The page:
"Accountability" Needs A New Hype Man (Or Woman)
Instead of being the compass of our lives, accountability has become the yoke around our necks. It’s more cattle brand than north star.
Because, look at how we talk about accountability:
“You should be more accountable.”
“You have to take accountability.”
“Who’s accountable for this?” (crickets...crickets)
“I wouldn’t have done it if you didn’t…”
"It wasn't my fault..."
Accountability has become the thing we dodge, because if we’re slapped with the scarlet letter of ownership, then we can’t hide from the consequences. And now, more than ever, everyone’s looking (or so we tell ourselves), so we need an “out” if things don’t go as planned.
But why the negative spin to accountability? Why can’t we have it work for us, to liberate us? In the vein of last week’s post, I want to challenge us on how we use words.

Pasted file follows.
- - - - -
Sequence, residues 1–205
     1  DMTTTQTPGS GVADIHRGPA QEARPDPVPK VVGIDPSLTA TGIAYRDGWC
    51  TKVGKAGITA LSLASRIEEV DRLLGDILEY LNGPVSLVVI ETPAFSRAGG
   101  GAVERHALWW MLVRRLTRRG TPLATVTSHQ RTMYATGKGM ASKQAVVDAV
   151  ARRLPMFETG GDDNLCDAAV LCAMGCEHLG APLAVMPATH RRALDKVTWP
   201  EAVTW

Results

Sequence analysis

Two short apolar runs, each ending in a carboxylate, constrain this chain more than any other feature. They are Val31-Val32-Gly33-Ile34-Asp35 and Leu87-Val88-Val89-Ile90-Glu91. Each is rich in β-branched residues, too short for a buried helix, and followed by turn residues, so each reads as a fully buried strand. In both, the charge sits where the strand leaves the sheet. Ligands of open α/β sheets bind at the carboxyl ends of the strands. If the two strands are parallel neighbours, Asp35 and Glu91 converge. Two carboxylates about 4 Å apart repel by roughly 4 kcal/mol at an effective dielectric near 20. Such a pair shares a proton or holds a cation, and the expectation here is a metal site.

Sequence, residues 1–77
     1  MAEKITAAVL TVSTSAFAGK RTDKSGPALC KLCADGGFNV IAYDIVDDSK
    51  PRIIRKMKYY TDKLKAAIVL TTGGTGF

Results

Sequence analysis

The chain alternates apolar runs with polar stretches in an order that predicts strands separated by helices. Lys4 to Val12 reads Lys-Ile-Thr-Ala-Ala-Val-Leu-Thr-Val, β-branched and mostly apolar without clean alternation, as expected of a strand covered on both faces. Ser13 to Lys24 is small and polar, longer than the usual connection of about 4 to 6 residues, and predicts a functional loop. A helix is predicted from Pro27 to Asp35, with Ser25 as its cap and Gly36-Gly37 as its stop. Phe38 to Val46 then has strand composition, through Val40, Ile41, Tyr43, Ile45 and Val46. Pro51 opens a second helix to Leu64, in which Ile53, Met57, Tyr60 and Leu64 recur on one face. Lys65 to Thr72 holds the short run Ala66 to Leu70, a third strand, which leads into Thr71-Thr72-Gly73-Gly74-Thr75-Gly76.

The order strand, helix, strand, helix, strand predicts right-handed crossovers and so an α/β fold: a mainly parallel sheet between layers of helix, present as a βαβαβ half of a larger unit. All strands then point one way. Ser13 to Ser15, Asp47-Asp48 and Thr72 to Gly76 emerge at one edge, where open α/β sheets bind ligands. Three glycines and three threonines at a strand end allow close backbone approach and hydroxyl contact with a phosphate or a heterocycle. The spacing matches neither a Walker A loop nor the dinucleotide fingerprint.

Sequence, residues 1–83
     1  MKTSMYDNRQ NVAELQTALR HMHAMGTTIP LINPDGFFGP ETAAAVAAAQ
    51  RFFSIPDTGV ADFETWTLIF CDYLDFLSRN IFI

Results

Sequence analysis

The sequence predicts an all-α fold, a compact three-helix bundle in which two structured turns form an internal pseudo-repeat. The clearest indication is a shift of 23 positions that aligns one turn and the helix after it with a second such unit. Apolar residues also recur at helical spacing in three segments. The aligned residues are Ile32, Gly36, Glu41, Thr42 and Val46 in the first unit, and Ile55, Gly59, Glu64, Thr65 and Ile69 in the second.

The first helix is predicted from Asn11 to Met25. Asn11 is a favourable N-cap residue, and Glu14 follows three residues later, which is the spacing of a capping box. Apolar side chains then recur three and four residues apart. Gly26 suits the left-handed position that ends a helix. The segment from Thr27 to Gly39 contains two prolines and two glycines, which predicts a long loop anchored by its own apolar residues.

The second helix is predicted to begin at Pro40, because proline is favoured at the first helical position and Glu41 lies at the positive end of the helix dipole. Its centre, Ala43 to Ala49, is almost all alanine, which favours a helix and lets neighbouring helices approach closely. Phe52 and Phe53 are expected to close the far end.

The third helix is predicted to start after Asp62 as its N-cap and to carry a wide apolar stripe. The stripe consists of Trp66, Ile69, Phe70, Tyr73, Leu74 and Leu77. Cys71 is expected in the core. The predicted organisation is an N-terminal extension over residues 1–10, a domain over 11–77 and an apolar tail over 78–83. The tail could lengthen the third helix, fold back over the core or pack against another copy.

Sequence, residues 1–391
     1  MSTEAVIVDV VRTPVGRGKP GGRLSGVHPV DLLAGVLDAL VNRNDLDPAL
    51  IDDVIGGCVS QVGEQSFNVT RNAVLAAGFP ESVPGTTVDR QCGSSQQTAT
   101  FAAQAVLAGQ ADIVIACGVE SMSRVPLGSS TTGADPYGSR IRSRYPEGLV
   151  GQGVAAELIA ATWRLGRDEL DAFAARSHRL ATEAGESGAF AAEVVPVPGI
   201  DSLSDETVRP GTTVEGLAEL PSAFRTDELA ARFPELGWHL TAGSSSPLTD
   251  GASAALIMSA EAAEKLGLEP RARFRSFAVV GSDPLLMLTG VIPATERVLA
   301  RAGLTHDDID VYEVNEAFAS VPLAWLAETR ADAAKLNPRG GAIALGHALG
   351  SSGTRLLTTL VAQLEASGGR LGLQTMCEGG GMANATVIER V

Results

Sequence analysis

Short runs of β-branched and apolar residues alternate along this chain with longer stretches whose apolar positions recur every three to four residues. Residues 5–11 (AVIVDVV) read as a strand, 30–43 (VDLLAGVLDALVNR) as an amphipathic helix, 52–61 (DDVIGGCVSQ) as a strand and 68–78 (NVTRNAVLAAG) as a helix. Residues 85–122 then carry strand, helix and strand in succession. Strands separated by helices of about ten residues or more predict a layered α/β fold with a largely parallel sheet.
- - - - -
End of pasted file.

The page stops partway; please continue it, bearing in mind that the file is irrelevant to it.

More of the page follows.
A friend of mine, Dhru Purohit, has a really great podcast, like really great. On a recent trip to LA, I was chatting with him, admiring him for his work and he told me: “Your book, The Accountability Effect was a big part of my inspiration,” (I might be paraphrasing), “it taught me that accountability wasn’t something we have to do, it’s something we get to do.” (He 100% said this part like that.)
Instead of “accountability” feeling like a threat, maybe it should sound more like:
Lucky you, who has a say in their story.
Accountability should be less a yoke on our lives, and more the reigns to it.
No you don’t have to exercise more/eat healthier/be kinder/start that project, but lucky you who has all your faculties to do those things. How wonderful opportunity and choice can be.
We try so hard to not be in control, to lean on whatever forces, fortunes, powers or gods to be the reason something didn’t go our way, or to explain why we did something, when if we just stopped and took account for our ability we would know that it is we who decides how things ultimately play out, no matter the set back.
The opposite of accountability isn't innocence, it's surrender.
Never give up the say you have in your life.
Treat accountability less like a tax you have to pay, and more a dividend you get to spend.